“One day in October 1942, this officer led a formation -of -fighter aircraft on an interception patrol. A number of Messerschmitt 109s was observed and engaged after a short pursuit. During the combat, Captain Saville destroyed 2 enemy aircraft. Subsequently, he skillfully led his formation to base where, in spite of difficulties a perfect landing was effected. This officer has invariably displayed outstanding leadership, great courage and devotion to duty. Since being awarded the Distinguished Flying Cross he has destroyed at least 3 enemy aircraft.”
The citation for his American DFC reads:
“In recognition of valuable services rendered in connection with the war”
A little after 13:30 on Monday, 19 April 1943, five Bf 109s were spotted and attacked in the Cap Bon-Tunis Area. The Bf 109s dived down to 500ft, and here a dogfight occurred, F/Sgt Minchin getting strikes on the starboard wing root of one, which was seen to crash by Capt. Saville of 112 Squadron.
TRANSFERRED TO 260 SQUADRON
On 17 May 1943 he was promoted to command 260 Squadron. 260 had the call-sign HS.
On 19 September 1943 he was killed when his Kittyhawk was shot down over Italy by Breda fire. Schoeman gives the date as the 18 September 1943. Shores, Massimello, Guest, Olynyk and Bock also have Saville as killed on 19 September 1944. They go on to state:
“Maj Saville DFC*, the commanding officer of 260 Squadron, and one of the most successful Kittyhawk pilots of the Desert campaign, was shot down and killed.”
Saville is buried in the Naples cemetery in block III Row P Grave 11.
Saville was replaced as Commanding Officer by another South African, Major P W Venter, who commanded the Squadron until April 1944.
Saville had combat or claimed victories in the following know aircraft:
- Tomahawk IIb AN311 TA-C
- Kittyhawk Ia FR214 GA-A
- Kittyhawk Ia EV339 GA-N
- Kittyhawk Ia EV136 GA-Q
- Kittyhawk Ia EV368 GA-H
With thanks to Andrew Thomas
Although not one of Saville’s mounts, this picture gives a good representation of a famous shark-mouthed 112 Squadron Kittyhawk. 112 provided some of the most famous Desert campaign pilots such as Billy Brake and Neville Duke, both double digit aces. Saville was no slouch himself with 8 destroyed, 4 or 5 probably destroyed, 8 damaged and 1 shared damaged, 1 destroyed on the ground and 1 damaged on the ground.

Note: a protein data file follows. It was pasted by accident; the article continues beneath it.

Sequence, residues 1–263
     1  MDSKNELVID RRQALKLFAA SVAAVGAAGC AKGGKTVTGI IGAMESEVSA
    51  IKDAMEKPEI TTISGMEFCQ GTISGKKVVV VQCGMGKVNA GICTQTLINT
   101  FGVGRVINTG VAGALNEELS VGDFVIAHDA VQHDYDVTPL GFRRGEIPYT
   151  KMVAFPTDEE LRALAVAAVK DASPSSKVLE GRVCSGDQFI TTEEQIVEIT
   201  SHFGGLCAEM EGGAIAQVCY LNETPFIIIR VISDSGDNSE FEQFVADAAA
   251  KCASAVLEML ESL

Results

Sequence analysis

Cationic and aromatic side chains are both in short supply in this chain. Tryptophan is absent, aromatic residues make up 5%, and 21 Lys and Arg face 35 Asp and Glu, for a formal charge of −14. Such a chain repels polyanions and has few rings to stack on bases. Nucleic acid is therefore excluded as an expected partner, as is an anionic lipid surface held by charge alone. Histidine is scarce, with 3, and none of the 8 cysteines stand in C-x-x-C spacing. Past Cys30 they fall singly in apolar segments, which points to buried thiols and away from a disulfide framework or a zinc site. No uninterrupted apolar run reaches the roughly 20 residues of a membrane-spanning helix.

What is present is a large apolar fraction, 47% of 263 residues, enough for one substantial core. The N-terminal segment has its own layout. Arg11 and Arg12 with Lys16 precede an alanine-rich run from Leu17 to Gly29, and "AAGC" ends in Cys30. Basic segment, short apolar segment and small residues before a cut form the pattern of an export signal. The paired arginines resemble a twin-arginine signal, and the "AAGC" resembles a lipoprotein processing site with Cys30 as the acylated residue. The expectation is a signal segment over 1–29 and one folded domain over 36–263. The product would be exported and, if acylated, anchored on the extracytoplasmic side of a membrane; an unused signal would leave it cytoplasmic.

Three examples of 260 Squadron Kittyhawks. We must remember Saville was killed in preparation for the invasion of Italy so these schemes are tome period correct although not of his aircraft. (See list above) Also note the difference in size of the squadron code letters between the two “HX-X”s.
- Brown, James Ambrose 1974. Eagles Strike, Purnell and Sons pty Ltd, Cape Town.
- Louw, Martin and Bouwer, Stefaan 1995. The South African Air Force At War, Chris van Rensburations (Pty) Limited, Melville.
- Orpen, Neil 1971. War in the desert, Purnell and Sons Pty Ltd, Cape Town.
- Schoeman, Michael 2002. Springbok Fighter Victory – SAAF Fighter Operations 1939-1945. Volume 1 – East Africa – 1940-1941. A Freeworld Production.
- Shores, Christopher, Massimello, Giovanni wit Guest, Russell, 2012. A History of the Mediterranean Air War 1940-1945 – Volume One: North Africa June 1940 – January 1942,Grub Street, London.
- Shores, Christopher and Massimello, Giovanni with Guest, Russel, Olynyk, Frank, and Bock, Winfried, 2012. A History of the Mediterranean Air War 1940 -1945, Volume 2, North African Desert February 1942 – March 1943. Grub Street, London
- Shores, Christopher, Ring, Hans and Hess, William E 1975. Fighters Over Tunisia. Neville Spearman, London.
- Shores, C & Williams, C 1994.Aces High, Grub Street, London.
- Shores, Christopher 1999. Aces High Volume 2, Grub Street London.
- Szlager, Tomasz, 2007. P-40s in the Mediterranean, Kagero, Lublin
- Thomas, Andrew 2001. Tomahawk and Kittyhawk Aces of the RAF and Commonwealth, Osprey Publishing, London.
- Thomas, Andrew, 2007. Close Encounters. Flypast March 2007, p69.
- Xtradecal, Curtiss P-40B Tomahawk MkII, Hannants, Lowerstoft
Newspapers and Gazettes
- London Gazette Supplement 18 September 1942
- London Gazette Second Supplement of Friday, the 4th of December 1942, page 5337
London Government Gazette Supplement 16 June 1944